Dinner Island's large acreage and mix of wetlands and uplands create outstanding wildlife viewing opportunities. Heron, egret, ibis, roseate spoonbill and wood stork regularly congregate at ditches and wetlands. Crested caracara and Florida sandhill cranes are easy to spot in open pastures and prairies. Watch for the yellow flashes of the eastern meadowlark as it perches in low shrubs in pastures. Power lines and fence posts provide convenient perches for kestrels, loggerhead shrikes, hawks and tree swallows.
Wood Storks and Roseate Spoonbills in Flight
Listen for screech, barred and barn owls in the palm and oak hammocks that also host migratory warblers in the spring and fall. Blue-winged and green-winged teal, Florida mottled duck and wood duck use the wetlands in the winter.
White-tailed deer and wild turkey prefer woodland edges or are attracted to clearings such as the dove fields, which are planted in a mixture of seasonal grasses and seasonal grains. Swallow-tailed kites are a spring and summer specialty usually spotted in flight over open areas. Autumn blooms in wetlands and roadside ditches attract numerous species of butterflies.
Wildlife Highlight: Eastern Meadowlark
The eastern meadowlark provides a bright splash of color on Florida's open grassy fields and prairies. Scan fence posts, low bushes or power lines for the adult bird with its yellow throat, breast and belly, and black "V" across the chest. Or listen for the sweet, melodious song: a plaintive, clear, descending whistle.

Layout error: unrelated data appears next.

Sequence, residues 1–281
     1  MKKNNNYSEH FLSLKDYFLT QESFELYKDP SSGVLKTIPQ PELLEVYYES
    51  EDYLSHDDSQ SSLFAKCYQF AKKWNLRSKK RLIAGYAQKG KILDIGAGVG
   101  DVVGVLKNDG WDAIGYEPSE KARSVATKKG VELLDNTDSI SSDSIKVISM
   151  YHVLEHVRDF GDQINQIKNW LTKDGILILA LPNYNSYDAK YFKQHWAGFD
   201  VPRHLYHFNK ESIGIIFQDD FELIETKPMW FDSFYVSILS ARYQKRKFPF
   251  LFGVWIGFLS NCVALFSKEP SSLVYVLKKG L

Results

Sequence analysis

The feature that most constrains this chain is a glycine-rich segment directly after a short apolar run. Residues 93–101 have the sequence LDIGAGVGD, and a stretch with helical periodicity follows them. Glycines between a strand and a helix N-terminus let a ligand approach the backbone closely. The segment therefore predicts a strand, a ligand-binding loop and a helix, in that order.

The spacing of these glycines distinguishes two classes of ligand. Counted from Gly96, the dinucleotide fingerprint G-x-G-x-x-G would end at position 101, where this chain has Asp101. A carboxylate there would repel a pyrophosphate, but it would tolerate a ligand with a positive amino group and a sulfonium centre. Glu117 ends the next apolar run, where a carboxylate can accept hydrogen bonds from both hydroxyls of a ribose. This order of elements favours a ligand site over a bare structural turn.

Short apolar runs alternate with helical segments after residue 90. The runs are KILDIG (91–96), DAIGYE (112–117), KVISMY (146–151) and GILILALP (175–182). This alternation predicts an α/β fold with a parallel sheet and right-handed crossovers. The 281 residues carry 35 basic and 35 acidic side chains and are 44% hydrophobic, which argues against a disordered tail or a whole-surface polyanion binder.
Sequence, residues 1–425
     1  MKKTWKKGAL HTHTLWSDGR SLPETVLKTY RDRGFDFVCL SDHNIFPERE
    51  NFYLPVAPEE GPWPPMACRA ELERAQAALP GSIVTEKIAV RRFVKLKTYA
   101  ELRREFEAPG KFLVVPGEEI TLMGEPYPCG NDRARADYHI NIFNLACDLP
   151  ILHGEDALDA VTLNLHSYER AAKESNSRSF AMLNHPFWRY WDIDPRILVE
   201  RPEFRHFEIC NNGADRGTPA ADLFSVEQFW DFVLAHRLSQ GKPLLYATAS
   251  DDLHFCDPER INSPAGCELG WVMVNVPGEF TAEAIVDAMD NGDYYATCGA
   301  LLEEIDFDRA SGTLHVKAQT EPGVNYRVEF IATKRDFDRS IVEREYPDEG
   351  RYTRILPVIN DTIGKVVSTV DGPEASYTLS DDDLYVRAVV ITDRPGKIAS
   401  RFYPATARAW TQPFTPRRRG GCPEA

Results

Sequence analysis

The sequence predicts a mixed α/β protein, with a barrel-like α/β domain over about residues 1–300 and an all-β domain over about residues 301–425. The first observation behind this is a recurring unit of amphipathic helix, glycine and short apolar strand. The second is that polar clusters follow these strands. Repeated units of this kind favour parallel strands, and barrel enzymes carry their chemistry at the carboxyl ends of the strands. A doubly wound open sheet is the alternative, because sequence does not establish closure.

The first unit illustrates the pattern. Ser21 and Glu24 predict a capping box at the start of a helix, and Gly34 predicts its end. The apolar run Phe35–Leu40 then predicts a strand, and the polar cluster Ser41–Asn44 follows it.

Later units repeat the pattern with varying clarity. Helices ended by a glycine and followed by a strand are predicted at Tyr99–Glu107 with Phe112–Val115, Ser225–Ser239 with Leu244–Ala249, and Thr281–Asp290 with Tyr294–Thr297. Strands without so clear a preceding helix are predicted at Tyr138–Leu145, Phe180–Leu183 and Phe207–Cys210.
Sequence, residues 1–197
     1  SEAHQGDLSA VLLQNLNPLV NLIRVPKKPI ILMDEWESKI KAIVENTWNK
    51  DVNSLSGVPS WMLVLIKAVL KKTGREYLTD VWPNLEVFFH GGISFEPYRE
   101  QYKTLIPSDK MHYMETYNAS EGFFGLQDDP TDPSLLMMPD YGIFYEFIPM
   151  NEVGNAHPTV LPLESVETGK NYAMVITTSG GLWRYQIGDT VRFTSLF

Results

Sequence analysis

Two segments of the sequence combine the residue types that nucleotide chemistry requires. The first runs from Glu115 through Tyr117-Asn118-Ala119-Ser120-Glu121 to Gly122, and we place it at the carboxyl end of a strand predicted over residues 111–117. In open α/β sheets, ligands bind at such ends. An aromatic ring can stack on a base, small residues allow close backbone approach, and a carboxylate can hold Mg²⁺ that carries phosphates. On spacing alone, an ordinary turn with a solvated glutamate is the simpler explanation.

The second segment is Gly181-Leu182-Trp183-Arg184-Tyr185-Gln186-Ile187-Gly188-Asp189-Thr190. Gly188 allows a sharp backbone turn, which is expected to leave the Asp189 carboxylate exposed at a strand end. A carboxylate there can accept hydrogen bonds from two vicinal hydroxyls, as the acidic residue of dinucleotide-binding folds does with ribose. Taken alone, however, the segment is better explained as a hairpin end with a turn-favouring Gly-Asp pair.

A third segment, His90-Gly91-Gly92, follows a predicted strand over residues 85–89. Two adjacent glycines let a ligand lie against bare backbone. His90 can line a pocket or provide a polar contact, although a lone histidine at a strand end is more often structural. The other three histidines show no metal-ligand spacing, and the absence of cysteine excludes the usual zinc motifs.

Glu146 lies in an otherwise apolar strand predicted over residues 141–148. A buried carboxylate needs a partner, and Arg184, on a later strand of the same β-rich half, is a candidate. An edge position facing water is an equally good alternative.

The eastern meadowlark breeds throughout eastern and central North America and in Mexico and parts of Central America and the Caribbean. This year-round Florida resident is not a lark, as its name suggests, but is in the same family as blackbirds and orioles. In size and shape, a perched meadowlark resembles a starling, but it is quail-like in its explosive take-off from the ground. Insects make up the bulk of the meadowlark's diet, but grass and weed seeds are also consumed.
In Florida, breeding takes place from late March through July. During courtship, the male jumps straight up into the air to display its bright yellow and black markings. Males often have two mates at a time. Females build nests on the ground, weaving fine grasses into surrounding vegetation and often incorporating a domed canopy of grass into the construction. Many nests are destroyed each year when cultivated fields are mowed.
Eastern meadowlarks are common on the prairies and pastures of the Florida peninsula, and are found throughout the state in suitable open habitat, including croplands and golf courses. In general, however, scientists have noted gradual population declines throughout the eastern meadowlark's range, probably due to habitat loss.